There is not only danger to the soul in going contrary to the Word, but in going beyond the Word. Satan endeavors to make all go down that he can in the first way, and is not the less diligent to secure the fall of others in the second. This last class are generally the morbidly conscientious and the uninstructed. The first class he gets to sin outright, the second he influences to run a duty to such extremes that injury to the body and influence, and finally sin itself, is certain to be the result. He of course starts them out with a Bible quotation, but sees to it that the fired up life runs clear past the depot, then into a side track, and at last down a bank with a final plunge into the woods.

      If Satan cannot induce a man to violate the commandments, then the next attack will be to make him do more than the Scripture requires.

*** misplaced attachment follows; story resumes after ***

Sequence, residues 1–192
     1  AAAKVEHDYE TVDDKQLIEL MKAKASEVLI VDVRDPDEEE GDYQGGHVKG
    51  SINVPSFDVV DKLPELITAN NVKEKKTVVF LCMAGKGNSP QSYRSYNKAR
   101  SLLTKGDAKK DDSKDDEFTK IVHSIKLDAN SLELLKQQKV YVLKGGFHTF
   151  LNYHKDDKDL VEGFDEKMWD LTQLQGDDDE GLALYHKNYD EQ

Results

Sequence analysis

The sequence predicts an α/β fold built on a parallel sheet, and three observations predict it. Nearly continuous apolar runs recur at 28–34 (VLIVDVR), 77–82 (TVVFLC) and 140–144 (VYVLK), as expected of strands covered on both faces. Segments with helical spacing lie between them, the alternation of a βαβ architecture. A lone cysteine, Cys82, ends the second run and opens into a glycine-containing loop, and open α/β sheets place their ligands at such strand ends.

Fasting is all right, but the devil would have the conscientious Christian go to such an extent in its observance that instead of its becoming an act of grace it proves a means of prostrating the physical nature, weakening the mental forces, disqualifying one for the service of God, and in a word a bondage and affliction. Dress reform is right, but the adversary delights to turn the duty into a hobby and degenerate the woman or man into scarecrows. Just as plainly marriage is stated in the Bible to be "honorable among all," and God says "the bed is undefiled;'' whereupon Satan would bring these words to naught by the twisting, distorting and misapplication of the utterances of Christ in regard to some becoming eunuchs for the kingdom of heaven's sake, and by equally remarkable perversions of other passages in the Word. For a person to receive and defend this distortion of truth is simply to charge that God has foisted an impure institution on the world; it is to be wise above that which is written; it is t o follow a doctrine of the devil; and it is to bring ourselves where Christ can say of us as He once did to the Jews, that we have ignored weightier matters and gone to observing the commandments of men.

      A second Satanic doctrine mentioned by Paul is seen in the words, "Commanding to abstain from meats."